The 1960s were a period of explosive growth at community colleges as baby boomers reached college age and financial aid became more available for higher education (McPherson  & Schapiro, 1998).  At one point in the late 60s, one new community college opened each week somewhere in the United States, a rate expansion never seen before (Cohen & Brawer, 2003).  In 1960 there were 590 two-year colleges; the number of these institutions grew to 1833 in 2001—an increase of 211% (National Center for Education Statistics, 2002).  Comparatively, four-year institutions grew by half this rate (National Center for Education Statistics, 2002).  


Current articles on community colleges (Evelyn, 2004; Vaughan, 2004) address several contemporary issues facing two-year colleges and posit that these institutions are at a crossroads.  Pressures from increasing student enrollments, particularly with minority students, come at a time when budgets are being slashed nationwide.  Vaughan (2004) argued that community colleges need to redefine their open access mission and that the final definition should be differ from past interpretations. While the tendency is to enroll students on a first-come-first-serve basis, a plan of focusing on successful programs and admitting only the number of students the college can support, with allowances for keeping spots for late, qualified students open, is more strategic (Vaughan, 2003). How community college leaders address these pressing issues will define community colleges in the future.


Organizational Structure and Leadership

Organizationally, community colleges have operated as bureaucracies (Birnbaum, 1988; Levin, 1998). Bureaucratic organizations rely on leadership hierarchy in their functioning.  The more formal reporting structures of community colleges is not surprising given their structural roots in K-12 schools.  Indeed, many of the first community college leaders and faculty came from pre-collegiate institutions (Cohen & Brawer, 2003). As institutions have become more focused on outcomes, community colleges have increasingly applied quality concepts such as Total Quality Management and the ideals espoused by the authors W. Edward Deming and Malcolm Baldridge (Academic Quality Improvement Program, n.d.).  Accreditation requirements increasingly call for broader internal information sharing and collaborative management systems (Higher Learning Commission [HLC], 2003). An alternative accreditation system, called the Academic Quality Improvement Program (AQIP), is based on institutional quality and measurement of outcomes (HLC, 2003).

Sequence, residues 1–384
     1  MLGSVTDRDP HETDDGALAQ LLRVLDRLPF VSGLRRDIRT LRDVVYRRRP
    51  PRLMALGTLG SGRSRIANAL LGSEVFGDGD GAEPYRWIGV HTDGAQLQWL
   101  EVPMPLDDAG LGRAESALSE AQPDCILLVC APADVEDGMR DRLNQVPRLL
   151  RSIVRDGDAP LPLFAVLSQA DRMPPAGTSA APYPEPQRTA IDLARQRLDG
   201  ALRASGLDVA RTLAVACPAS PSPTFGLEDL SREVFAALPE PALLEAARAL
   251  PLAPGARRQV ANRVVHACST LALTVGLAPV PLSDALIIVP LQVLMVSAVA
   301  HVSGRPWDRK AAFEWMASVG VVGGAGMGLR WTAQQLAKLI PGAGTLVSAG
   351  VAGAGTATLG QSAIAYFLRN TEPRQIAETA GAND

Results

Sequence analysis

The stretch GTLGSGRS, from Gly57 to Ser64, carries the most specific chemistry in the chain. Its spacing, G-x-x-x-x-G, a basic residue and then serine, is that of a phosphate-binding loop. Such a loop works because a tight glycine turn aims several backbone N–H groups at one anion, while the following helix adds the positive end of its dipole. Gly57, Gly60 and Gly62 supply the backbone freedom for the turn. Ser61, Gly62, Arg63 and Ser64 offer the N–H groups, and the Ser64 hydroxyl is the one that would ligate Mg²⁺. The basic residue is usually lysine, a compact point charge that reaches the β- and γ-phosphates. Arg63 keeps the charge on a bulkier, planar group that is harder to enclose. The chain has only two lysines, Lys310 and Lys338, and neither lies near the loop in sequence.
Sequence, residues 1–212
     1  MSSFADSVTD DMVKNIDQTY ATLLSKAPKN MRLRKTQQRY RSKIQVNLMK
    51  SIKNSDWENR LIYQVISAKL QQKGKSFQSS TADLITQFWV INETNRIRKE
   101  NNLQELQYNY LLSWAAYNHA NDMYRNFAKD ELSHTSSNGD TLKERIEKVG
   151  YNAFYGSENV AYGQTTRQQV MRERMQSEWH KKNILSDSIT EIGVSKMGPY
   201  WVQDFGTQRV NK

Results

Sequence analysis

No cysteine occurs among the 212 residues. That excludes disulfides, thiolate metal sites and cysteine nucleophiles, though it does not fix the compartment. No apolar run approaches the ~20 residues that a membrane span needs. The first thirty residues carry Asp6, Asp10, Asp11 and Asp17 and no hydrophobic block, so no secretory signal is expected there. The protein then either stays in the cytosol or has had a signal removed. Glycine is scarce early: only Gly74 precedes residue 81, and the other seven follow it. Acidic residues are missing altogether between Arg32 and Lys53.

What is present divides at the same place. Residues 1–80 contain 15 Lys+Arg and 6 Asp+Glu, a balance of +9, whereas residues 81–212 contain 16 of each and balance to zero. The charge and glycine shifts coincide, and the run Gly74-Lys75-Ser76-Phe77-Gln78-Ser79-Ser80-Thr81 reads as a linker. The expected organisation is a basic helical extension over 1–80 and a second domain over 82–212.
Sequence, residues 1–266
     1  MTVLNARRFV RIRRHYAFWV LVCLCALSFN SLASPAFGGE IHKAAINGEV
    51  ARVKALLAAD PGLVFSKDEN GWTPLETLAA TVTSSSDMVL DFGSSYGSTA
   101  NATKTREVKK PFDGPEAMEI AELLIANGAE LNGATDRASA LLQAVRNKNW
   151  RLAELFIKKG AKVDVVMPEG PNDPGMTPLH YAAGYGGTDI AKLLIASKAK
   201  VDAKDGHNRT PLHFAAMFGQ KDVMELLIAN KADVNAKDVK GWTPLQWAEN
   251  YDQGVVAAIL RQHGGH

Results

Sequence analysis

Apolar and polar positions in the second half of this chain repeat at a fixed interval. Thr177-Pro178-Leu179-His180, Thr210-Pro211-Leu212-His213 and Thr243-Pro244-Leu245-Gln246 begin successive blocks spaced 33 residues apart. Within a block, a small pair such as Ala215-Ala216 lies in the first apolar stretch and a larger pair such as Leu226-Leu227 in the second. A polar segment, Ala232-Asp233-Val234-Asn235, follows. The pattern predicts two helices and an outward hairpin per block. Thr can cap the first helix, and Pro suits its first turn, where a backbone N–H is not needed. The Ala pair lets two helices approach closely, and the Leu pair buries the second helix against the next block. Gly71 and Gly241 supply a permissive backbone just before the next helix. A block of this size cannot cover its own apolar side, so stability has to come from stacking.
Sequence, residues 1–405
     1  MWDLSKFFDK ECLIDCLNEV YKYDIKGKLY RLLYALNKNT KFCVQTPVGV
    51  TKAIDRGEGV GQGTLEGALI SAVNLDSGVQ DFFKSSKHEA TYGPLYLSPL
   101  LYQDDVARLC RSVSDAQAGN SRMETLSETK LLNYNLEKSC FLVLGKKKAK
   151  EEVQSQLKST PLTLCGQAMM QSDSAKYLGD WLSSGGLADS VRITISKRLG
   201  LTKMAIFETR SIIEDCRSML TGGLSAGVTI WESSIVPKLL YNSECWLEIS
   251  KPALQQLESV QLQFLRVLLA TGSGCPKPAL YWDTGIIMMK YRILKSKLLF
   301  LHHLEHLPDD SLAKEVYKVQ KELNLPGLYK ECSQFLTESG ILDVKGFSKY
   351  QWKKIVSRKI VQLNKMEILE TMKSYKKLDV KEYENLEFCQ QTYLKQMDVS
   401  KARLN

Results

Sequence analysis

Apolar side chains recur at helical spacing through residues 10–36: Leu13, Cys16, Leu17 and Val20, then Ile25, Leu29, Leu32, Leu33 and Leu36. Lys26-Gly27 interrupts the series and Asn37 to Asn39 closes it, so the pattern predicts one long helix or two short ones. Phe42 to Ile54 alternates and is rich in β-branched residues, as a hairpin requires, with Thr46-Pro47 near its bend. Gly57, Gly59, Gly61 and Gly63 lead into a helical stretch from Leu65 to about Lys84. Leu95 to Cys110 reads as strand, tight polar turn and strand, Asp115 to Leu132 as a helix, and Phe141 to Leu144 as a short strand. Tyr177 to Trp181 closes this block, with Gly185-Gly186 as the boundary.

Community colleges range in size and governance structures. “Most public colleges in the nation are organized within single districts” (Cohen & Brawer, 2003, p. 107), with policy formation resting with a locally elected or appointed board of trustees. Some states have coordinating boards for all public community colleges, whereas others allow community colleges to operate more autonomously. For instance, community colleges in Michigan have been granted self-governance under the State Constitution, and have been designated as governmental entities with delegated powers and authorities by state legislation, the Community college act of 1966, as amended (Michigan, 2001).


The development of a clear, understandable, and outcomes oriented mission statement stating why a particular community college exists sets the tone for institutional leadership and decision-making; the mission statement steers the actions of the loosely-coupled organization, and those of its constituent bureaucratic subunits, toward common outcomes (Calder, 2002). Currently, the Carnegie Foundation offers only one classification scheme that puts all community colleges in one category. Given the range in sizes of community colleges, locations, and mission foci, strong arguments are being made to develop a more refined mechanism of classification for two-year colleges (Katsinas, 2003; McCormick & Cox, 2003).


Organizationally, community college faculty are the most unionized of all in institutions of higher education (Cohen & Brawer, 2003).  Collective bargaining served to draw sharp distinctions between the faculty ranks and administration, allowing less autocratic control by leadership and more of a faculty voice in decision-making.  Shared governance implies shared decision making in all matters relating to community college governance. However, often shared governance participants have concerns over the applicability of shared decision-making to functions such as layoffs, disciplinary matters, and workload assignments (Trites & Weeger, 2003). Unlike the State of California which legislatively mandates the use of shared governance in community colleges as a way to provide for joint decision-making (Cohen & Brawer, 2003), many community colleges have moved to what can more accurately be termed a shared leadership system, wherein staff become involved in planning for the future, determining how to become better educators, and determining how to better serve students and the college’s community (Trites & Weeger, 2003).